And why should we care?
The Nieman Global Health Fellows had lunch with Bill Hsiao last Thursday for a wide-ranging talk about global health. Our journalists' ears perked up when he said that eight big global health groups have organized themselves into something akin to the G-8 alliance of world's biggest economies. Hsiao is a favorite amongst the Global Health Fellows because he speaks forthrightly, clearly and on the record.
Here's what the Norwegian Foreign Ministry has to say about the H-8:
Health 8 (H8) is an informal group of eight health-related organisations, WHO, UNICEF, UNFPA, UNAIDS, GFATM, GAVI, Bill and Melinda Gates Foundation, and the World Bank created in mid-2007 to stimulate a global sense of urgency for reaching the health-related MDGs. It focuses on better ways of working, particularly within institutions, which can lead to the MDGs being achieved more quickly. And it has a remit to ensure systematic and robust knowledge management and learning around the MDGs, and to seize opportunities presented by renewed interest in health systems.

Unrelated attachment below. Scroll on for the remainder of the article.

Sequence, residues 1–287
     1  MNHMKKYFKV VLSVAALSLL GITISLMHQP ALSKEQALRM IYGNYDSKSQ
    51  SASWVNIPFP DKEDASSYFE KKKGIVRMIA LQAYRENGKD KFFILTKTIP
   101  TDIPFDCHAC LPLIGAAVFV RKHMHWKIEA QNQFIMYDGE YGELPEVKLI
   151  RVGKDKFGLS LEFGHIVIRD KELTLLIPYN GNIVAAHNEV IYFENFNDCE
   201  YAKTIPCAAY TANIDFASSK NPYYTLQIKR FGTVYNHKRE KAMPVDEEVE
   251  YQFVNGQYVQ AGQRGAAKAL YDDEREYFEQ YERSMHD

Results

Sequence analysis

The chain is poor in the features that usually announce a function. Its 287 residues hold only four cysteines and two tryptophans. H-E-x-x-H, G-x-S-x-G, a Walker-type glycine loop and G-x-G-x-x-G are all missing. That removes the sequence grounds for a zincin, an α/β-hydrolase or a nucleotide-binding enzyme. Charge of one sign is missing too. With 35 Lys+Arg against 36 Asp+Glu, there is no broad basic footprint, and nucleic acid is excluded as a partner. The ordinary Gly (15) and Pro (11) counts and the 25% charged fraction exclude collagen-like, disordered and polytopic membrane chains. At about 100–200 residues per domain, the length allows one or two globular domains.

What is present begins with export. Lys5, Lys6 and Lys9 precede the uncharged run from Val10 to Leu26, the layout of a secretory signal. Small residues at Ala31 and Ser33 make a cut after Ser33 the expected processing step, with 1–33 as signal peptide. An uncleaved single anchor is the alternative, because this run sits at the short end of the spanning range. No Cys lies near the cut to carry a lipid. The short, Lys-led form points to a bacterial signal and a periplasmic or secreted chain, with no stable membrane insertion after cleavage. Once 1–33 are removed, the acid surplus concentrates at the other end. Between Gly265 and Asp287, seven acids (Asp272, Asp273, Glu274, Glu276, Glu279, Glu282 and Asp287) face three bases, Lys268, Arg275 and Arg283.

That last part--about health systems--turns out to be key. Hsiao says that there's an ongoing tussle in the global health community over whether to emphasize the shortage of health care workers or the need to strengthen the health systems those doctors, nurses and others should be working in. This is not merely an academic exercise, Hsiao says. It could well determine what health strategies the real G-8 takes on at their next meeting in Tokyo in July.
And as anyone who has covered global health for at least half a minute knows, once a grand strategy gets adopted, whatever money there is often gets diverted in that direction.
Related blog posts:
How Big a Problem is the Brain Drain?
Related external links:
Why Japan sees global health as a good foreign relations initiative
Preparing for the G-8 summit in Tokyo
The health experts of the G-8 meet the H-8